nologies is the social and cultural acceptability of products from FS. leachate are comparable to leachates from municipal solid waste
Cairncross (2003) recommended the marketing of newly developed landll sites (Tatsi et al., 2003). Wiszniowski et al. (2006) discussed
sanitation technologies to increase social acceptability. Intensive various means of treating landll leachate. Research into applica-
information, awareness-raising and social/commercial marketing tion of these different treatment technologies to FS leachate can
campaigns are needed for a paradigm shift in order to develop con- be useful. Additionally, high levels of pathogen concentration in FS
dence and skills by the people to maintain FSM technologies and leachate would necessitate research into different feasible ways of
produce FS products (Lthi et al., 2011). This could be enhanced its disinfection.
by early community involvement through assessing the possible FS dewatering and drying is complex due to the different forms
products needed from FS and willingness to produce and use these of water (free, interstitial and bound) present. Modelling drying
products (Reymond and Bassan, 2014). process of FS could provide information on the behaviour and
FS management in slums should start at the generation unit nature of different water types and their movement through the FS
(household). Once FS value is appreciated and realized at this most structure. An understanding of such mechanisms, and the knowl-
basic level of a community or a nation, FSM can easily take place edge of moisture distributions within FS is helpful in process design,
within the generating communities. It is imperative that locally- FS handling and energy saving.
made, innovative technologies are found since these can be owned Research into simpler technologies of converting FS into
and operated locally within the slum community. These could physical forms of mineral fertiliser with or without nutrient
evolve from existing local technologies, which could be adopted enhancement should be investigated. If carried out, this can pro-
and enhanced for improved FSM. Such management technologies mote easy transportation of this fertiliser to areas of need and it

Please cite this article in press as: Semiyaga, S., et al., Decentralized options for faecal sludge management in urban
slum areas of Sub-Saharan Africa: A review of technologies, practices and end-uses. Resour Conserv Recy (2015),
http://dx.doi.org/10.1016/j.resconrec.2015.09.001
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Table 2
Summary of pros and cons of potential FS products in an urban slum context.

Potential FS product Pros Cons

Soil conditioner Common application of FS in low- and middle-income countries. Limited involvement in agriculture by slum dwellers.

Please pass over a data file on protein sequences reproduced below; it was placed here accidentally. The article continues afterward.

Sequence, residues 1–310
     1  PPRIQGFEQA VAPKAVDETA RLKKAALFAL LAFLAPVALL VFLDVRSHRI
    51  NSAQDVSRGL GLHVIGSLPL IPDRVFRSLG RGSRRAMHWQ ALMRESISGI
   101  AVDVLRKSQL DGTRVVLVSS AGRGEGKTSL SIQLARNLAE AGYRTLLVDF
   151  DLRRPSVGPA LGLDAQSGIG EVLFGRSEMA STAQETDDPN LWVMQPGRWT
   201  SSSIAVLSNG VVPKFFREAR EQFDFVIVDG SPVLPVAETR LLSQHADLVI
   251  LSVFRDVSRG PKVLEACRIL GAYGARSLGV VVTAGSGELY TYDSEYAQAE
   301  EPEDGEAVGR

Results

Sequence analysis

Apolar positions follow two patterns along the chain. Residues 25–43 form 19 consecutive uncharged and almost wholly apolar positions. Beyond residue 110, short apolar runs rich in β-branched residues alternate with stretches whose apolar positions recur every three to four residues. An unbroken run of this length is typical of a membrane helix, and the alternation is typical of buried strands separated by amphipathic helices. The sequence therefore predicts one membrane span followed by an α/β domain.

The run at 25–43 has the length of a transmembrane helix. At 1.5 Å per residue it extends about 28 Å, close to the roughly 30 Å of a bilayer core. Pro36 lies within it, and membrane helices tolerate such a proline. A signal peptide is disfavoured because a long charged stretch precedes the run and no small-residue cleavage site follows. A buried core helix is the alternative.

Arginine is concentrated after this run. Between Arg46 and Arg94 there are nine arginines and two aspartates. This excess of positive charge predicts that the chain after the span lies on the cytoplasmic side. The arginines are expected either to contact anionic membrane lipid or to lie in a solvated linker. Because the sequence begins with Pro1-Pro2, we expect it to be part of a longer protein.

Hence, many peoples perception are good towards its usage. Need to convert FS to a form that can easily be transported to
Promotes recycling of phosphorus, hence, preventing places of use.
exploitation of this nite resource. Needs proper treatment to prevent excreta related infections
Limits excess nitrogen and phosphorus loss to water bodies, during handling.
hence minimizing eutrophication. Peoples willingness to pay less than production costs.
Low in heavy metal concentration. It is bulky, thus high transportation costs if usage is in a
FS is readily available due to high population in urban slums. distant location.
Revenue generation through sale of soil conditioners.
FS usage, contributes to improved sanitation.
Vermicompost Worms provide the aeration and no need of equipment for Need to establish market for compost and worm biomass
turning FS during composting process. near the point of production to minimize on transportation
Revenue generated from vermicompost sales as soil conditioner charges.
and worm biomass as animal feeds can make FS treatment bear its Need to pre-compost FS to reduce intoxicating the worms
own cost. with ammonia.
Employment opportunities to slum dwellers. Vermiculture may be very difcult to maintain in places of
Part of FS is consumed by worms, thus reducing the amount to be very low or very high temperatures.
managed. Required substrate (FS) moisture content may require
Resulting worm biomass can be used for animal feed protein additional step of FS dewatering.
(chicken and aquaculture feeds). Capital costs and availability of land for decentralized plant
Improved public health and decreased environmental pollution. in close proximity to urban slums.
Vermicompost is odour free and does not attract ies. Additional treatment needed for complete sanitization.
Animal protein More options for protein sources in animal feeds. Need to change peoples attitude so that they can use such an
Black soldier ies do not transmit diseases. alternative for animal feeds.
Improved sanitation using low-cost technology. Bioaccumulation of pollutants like heavy metals in black
FS compost residue can be used as a soil conditioner. soldier y larvae and subsequent biomagnication in higher
Does not require a big space for plant setup. Hence, multiple trophic levels like chicken and eventually humans.
decentralized plants can be setup within the slums. Minimal dewatering of FS from some sources is required.
Reduced quantities of FS to be managed.
Revenue generation from sales of animal protein and compost
residue can make FSM bear its own cost.
More job opportunities to slum dwellers, e.g. production and
selling of animal feeds. Hence, improved livelihoods of slum
dwellers who are low income earners.
Limit importation of animal feeds and thus, prevents surplus
nitrogen and phosphorus in form of manure and urine.
Construction material Substitution of non-renewable soil and clay, commonly used in Variations in FS characteristics may produce bricks of
brick making. inconsistent qualities.